A St. Petersburg waste-to-energy plant now under construction has been billed for years as an environmentally friendly money saver. Now it looks more like a boondoggle, with the cost and mission changing on the fly. It's yet another example of a city project that seemed worthwhile at the start but spiraled out of control for lack of discipline and oversight.
The city began exploring the cost of a renewable energy plant in 2011, during former Mayor Bill Foster's term. The plant, now being built at the southwest wastewater treatment facility near Eckerd College, would convert methane gas from sewage into energy that could power the plant itself and provide fuel for the city's sanitation vehicles. Mike Connors, the now-retired public works administrator, told the City Council that the project would lower maintenance and equipment costs at other plants and reduce the city's use of diesel fuel by 1,600 gallons a day. There was even the chance the plant would generate excess power that the city could sell, and "biosolids" left over from the process could be dried and sold as fertilizer. Altogether, Connors claimed, the city would save about $30 million over 20 years. That was then.
Now public works administrator Claude Tankersley paints a less rosy picture. His update to the council last week showed a project priced at $42 million in 2011 has ballooned to $84 million. Rising construction and engineering costs, plus administrative expenses that weren't previously taken into account drove the increase, Tankersley said. He also said the plant will generate gas to cover 75 percent of its power needs — but was corrected within minutes by his own staff. In fact, the city will still need to purchase gas for the plant, which would generate 75 percent of its own electricity. And there won't be any surplus fuel to sell.
Will fuel consumption still go down by 1,600 gallons a day? "I do not know," Tankersley said. Will the city still save $30 million over 20 years? "I cannot say that." (Although he did say it in 2016, during another project update for the council.) There's simply no excuse for such substantial changes to be realized this far into such a costly project. Council member Ed Montanari summed up the outrage: "I wouldn't have voted for this if I would have known that the savings weren't going to materialize."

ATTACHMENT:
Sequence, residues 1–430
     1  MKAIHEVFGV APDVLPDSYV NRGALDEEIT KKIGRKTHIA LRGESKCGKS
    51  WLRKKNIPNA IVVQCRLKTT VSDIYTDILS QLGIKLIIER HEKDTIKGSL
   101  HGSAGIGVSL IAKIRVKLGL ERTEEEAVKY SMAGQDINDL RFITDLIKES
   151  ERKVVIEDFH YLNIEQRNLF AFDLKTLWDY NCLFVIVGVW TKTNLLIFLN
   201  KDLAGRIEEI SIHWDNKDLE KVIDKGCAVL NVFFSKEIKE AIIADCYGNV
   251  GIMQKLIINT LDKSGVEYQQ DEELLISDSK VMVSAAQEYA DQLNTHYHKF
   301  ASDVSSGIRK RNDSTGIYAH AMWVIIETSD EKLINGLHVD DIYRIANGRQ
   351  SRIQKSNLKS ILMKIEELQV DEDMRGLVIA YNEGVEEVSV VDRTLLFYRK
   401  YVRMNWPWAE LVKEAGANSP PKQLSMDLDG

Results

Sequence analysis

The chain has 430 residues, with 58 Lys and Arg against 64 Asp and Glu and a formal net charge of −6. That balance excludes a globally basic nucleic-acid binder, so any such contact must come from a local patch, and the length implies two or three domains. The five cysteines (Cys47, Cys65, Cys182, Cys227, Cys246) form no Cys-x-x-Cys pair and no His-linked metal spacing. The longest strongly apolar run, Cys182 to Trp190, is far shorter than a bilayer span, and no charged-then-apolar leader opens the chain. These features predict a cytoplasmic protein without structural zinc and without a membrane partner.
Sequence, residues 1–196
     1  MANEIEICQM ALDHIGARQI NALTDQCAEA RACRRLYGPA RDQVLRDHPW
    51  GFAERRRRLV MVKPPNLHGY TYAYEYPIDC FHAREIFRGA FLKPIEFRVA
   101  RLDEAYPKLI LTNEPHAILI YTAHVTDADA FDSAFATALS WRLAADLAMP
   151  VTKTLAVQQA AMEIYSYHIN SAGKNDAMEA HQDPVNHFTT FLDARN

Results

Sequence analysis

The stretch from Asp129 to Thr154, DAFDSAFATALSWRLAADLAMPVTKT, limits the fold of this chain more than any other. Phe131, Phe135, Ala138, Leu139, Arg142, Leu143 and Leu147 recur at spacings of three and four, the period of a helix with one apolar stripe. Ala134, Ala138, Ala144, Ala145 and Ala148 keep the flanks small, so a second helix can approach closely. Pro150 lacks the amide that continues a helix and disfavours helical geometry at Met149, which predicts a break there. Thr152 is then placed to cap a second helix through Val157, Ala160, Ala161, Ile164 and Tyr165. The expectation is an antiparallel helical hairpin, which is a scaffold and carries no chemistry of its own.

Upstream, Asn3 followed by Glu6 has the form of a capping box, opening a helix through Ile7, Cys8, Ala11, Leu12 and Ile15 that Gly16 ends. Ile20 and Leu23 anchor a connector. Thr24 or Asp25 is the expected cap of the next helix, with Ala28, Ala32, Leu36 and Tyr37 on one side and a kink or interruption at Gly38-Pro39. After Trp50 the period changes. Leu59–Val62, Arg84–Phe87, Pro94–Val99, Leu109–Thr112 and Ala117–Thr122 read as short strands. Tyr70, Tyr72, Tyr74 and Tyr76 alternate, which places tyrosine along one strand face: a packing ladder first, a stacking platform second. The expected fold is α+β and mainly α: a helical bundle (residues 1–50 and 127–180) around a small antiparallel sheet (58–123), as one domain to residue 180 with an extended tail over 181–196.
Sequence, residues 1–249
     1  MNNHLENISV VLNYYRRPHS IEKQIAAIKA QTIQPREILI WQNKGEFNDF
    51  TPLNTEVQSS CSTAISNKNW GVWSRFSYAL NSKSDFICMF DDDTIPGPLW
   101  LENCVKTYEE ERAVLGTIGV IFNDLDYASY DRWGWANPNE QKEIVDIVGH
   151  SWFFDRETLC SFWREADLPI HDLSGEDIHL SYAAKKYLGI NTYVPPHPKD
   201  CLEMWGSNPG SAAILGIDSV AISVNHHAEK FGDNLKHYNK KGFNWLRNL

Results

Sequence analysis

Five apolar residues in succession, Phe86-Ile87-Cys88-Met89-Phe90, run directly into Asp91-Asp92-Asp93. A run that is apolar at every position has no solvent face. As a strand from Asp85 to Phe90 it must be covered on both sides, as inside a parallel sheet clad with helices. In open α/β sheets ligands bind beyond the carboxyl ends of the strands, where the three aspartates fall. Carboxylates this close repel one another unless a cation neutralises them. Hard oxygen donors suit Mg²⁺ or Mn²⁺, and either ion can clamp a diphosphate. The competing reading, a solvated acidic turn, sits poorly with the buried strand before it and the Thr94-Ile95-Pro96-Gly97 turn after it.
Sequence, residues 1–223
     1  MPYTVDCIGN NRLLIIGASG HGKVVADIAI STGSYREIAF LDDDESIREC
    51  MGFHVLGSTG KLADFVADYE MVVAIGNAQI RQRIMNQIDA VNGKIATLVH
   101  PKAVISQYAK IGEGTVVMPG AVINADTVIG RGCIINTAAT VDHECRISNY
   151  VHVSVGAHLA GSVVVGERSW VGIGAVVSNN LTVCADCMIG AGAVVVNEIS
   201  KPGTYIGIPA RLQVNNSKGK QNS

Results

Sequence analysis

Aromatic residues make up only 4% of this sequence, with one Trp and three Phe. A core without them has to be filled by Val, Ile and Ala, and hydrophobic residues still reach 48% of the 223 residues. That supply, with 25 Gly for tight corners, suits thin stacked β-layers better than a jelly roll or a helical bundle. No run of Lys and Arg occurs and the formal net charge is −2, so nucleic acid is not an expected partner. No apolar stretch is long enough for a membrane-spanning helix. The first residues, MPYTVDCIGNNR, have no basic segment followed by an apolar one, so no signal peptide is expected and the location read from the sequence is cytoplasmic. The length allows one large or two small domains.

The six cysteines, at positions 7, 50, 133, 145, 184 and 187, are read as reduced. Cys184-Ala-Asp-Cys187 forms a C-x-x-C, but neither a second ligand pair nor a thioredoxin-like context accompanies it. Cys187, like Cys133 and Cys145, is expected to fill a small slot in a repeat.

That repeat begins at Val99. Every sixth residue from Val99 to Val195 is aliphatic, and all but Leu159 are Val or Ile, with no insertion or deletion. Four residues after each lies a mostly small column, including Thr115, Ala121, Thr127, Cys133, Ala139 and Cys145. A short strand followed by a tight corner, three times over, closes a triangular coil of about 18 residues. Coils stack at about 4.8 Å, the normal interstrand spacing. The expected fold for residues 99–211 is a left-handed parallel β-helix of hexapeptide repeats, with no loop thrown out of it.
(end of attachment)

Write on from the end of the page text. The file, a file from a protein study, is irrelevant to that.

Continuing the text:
Undisciplined spending has become all too common during Mayor Rick Kriseman's era. Among the other projects the mayor inherited whose costs have exploded on his watch are the police headquarters, which was first envisioned as a $50 million undertaking. Kriseman added a secure parking garage, shooting range and energy-saving features, and the budget now sits at $85 million. The new St. Pete Pier, replacing the old inverted pyramid, began with a $50 million budget. Kriseman added $20 million to construct an approach linking the project to downtown and later requested several million more for enhanced features for a current total of $76 million.
The Pier didn't have to be built, but it could be a marketable asset and point of pride in the city for decades. The police station is an overdue need, replacing the department's cramped, crumbling headquarters. But the biosolids plant is neither a tourist draw nor a must-have. With the savings it was expected to yield quickly dwindling under the mounting costs, the necessity and usefulness of the project are now in question. It's too bad the City Council and residents didn't know that before now.